Degree Type


Date of Award


Degree Name

Doctor of Philosophy


Industrial and Manufacturing Systems Engineering


Industrial and Manufacturing Systems Engineering

First Advisor

Lizhi Wang


This dissertation consists of two published journal paper, both on transmission expansion planning, and a report on distribution network hardening.

We first discuss our studies of two optimization criteria for the transmission planning problem with a simplified representation of load and the forecast generation investment additions within the robust optimization paradigm. The objective is to determine either the minimum of the maximum investment requirement or the maximum regret with all sources of uncertainty explicitly represented. In this way, transmission planners can determine optimal planning decisions that are robust against all sources of uncertainty. We use a two layer algorithm to solve the resulting trilevel optimization problems. We also construct a new robust transmission planning model that considers generation investment more realistically to improve the quantification and visualization of uncertainty and the impacts of environmental policies. With this model, we can explore the effect of uncertainty in both the size and the location of candidate generation additions. The corresponding algorithm we develop takes advantage of the structural characteristics of the model so as to obtain a computationally efficient methodology. The two robust optimization tools provide new capabilities to transmission planners for the development of strategies that explicitly account for various sources of uncertainty.

We illustrate the application of the two optimization models and solution schemes on a set of representative case studies. These studies give a good idea of the usefulness of these tools and show their practical worth in the assessment of ``what if'' cases. We compare the performance of the minimax cost approach and the minimax regret approach under different characterizations of uncertain parameters. In addition, we also present extensive numerical studies on an IEEE 118-bus test system and the WECC 240-bus system to illustrate the effectiveness of the proposed decision support methods. The case study results are particularly useful to understand the impacts of each individual investment plan on the power system's overall transmission adequacy in meeting the demand of the trade with the power output units without violation of the physical limits of the grid.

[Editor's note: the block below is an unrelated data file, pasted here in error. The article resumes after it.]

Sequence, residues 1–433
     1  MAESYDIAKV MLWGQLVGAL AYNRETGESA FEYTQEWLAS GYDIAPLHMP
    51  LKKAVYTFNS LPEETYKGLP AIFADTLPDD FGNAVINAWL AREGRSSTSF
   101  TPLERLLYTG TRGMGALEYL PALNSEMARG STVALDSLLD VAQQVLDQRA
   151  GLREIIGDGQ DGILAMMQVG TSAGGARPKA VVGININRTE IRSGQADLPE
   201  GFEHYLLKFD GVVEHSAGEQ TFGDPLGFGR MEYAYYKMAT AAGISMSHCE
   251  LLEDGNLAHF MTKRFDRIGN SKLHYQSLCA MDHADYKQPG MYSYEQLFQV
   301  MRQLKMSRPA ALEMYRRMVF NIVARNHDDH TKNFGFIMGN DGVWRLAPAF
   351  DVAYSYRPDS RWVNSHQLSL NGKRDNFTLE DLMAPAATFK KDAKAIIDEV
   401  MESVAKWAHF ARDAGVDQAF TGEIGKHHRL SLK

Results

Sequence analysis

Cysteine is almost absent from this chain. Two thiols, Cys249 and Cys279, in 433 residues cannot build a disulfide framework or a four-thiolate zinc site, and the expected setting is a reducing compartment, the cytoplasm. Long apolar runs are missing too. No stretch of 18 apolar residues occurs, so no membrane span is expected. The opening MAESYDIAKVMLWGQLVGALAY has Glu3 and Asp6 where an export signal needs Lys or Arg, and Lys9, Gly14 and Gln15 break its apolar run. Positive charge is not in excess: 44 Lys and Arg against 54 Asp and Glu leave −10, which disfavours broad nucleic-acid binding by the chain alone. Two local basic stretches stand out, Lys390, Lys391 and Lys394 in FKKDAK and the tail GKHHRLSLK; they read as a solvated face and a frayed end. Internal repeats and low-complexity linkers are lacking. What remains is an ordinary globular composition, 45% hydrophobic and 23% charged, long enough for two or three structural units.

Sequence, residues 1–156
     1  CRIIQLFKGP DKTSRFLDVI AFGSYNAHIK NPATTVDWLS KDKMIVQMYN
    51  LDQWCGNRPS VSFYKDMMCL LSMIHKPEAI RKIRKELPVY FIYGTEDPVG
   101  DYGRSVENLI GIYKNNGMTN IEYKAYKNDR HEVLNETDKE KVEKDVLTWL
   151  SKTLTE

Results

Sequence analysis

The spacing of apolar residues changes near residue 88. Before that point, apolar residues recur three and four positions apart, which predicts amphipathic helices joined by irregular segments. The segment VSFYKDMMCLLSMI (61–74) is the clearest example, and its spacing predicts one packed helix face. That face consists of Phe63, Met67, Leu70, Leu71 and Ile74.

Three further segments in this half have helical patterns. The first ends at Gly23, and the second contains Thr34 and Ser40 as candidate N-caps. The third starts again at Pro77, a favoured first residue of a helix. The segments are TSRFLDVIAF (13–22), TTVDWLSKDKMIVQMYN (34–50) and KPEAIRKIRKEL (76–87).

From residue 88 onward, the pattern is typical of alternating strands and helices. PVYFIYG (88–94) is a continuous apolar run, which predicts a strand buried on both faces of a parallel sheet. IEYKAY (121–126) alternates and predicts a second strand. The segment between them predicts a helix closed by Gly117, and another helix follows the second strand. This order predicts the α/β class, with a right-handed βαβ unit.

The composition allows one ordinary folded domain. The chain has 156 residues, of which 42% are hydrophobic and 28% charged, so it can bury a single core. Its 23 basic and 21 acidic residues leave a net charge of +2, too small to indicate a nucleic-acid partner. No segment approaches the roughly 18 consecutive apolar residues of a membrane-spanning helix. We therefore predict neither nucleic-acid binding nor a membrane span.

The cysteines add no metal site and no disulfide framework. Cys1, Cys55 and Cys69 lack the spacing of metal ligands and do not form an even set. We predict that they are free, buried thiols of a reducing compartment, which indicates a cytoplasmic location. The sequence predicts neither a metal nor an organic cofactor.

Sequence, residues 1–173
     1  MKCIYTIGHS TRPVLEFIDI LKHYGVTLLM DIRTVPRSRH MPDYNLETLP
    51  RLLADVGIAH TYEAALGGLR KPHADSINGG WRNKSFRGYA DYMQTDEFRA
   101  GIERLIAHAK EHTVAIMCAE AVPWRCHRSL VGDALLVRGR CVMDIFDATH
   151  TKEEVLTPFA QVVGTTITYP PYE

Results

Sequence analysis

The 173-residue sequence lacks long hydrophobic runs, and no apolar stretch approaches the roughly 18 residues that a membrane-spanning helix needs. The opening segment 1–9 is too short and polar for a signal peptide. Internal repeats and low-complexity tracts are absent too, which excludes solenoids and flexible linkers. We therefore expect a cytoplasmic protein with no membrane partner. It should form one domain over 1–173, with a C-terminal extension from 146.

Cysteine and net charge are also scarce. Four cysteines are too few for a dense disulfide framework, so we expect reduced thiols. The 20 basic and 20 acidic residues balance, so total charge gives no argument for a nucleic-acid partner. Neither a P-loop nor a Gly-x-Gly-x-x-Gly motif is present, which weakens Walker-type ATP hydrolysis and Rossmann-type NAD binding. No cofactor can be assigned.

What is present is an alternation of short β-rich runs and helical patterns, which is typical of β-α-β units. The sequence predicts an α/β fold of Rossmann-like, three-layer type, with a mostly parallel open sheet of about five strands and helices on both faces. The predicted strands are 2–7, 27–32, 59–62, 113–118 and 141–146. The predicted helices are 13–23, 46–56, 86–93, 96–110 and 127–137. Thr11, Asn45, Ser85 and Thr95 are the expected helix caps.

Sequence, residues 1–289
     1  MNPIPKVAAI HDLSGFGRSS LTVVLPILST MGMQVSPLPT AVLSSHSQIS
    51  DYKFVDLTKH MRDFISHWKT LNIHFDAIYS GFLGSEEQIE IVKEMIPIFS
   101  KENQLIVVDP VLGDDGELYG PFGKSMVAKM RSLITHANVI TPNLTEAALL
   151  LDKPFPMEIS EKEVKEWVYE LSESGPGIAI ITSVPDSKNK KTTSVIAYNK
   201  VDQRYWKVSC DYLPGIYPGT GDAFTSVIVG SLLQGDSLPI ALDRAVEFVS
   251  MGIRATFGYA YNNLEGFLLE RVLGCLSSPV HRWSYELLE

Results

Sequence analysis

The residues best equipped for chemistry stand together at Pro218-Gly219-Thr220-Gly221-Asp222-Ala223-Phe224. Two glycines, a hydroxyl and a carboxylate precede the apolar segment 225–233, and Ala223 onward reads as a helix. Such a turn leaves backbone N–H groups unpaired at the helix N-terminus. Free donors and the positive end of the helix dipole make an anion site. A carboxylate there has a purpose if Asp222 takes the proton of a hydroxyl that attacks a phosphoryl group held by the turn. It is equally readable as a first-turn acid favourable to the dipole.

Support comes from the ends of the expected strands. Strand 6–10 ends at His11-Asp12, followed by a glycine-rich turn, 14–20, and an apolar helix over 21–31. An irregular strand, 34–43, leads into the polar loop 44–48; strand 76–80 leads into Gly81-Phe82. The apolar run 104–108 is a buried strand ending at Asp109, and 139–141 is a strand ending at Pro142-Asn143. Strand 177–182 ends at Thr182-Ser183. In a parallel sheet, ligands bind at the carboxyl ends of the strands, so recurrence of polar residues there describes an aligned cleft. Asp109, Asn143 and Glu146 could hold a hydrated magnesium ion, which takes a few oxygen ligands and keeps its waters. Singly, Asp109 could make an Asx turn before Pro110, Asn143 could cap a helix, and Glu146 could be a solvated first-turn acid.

In the report on distribution network hardening, a two-stage stochastic optimization model is proposed. Transmission and distribution networks are essential infrastructures to modern society. In the United States alone, there are there are more than 200,000 miles of high voltage transmission lines and numerous distribution lines. The power network spans the whole country. Such vast networks are vulnerable to disruptions caused by natural disasters. Hardening of distribution lines could significantly reduce the impact of natural disasters on the operation of power systems. However, due to the limited budget, it is impossible to upgrade the whole power network. Thus, intelligent allocation of resources is crucial. Optimal allocation of limited budget between different hardening methods on different distribution lines is explored.

Copyright Owner

Bokan Chen



File Format


File Size

94 pages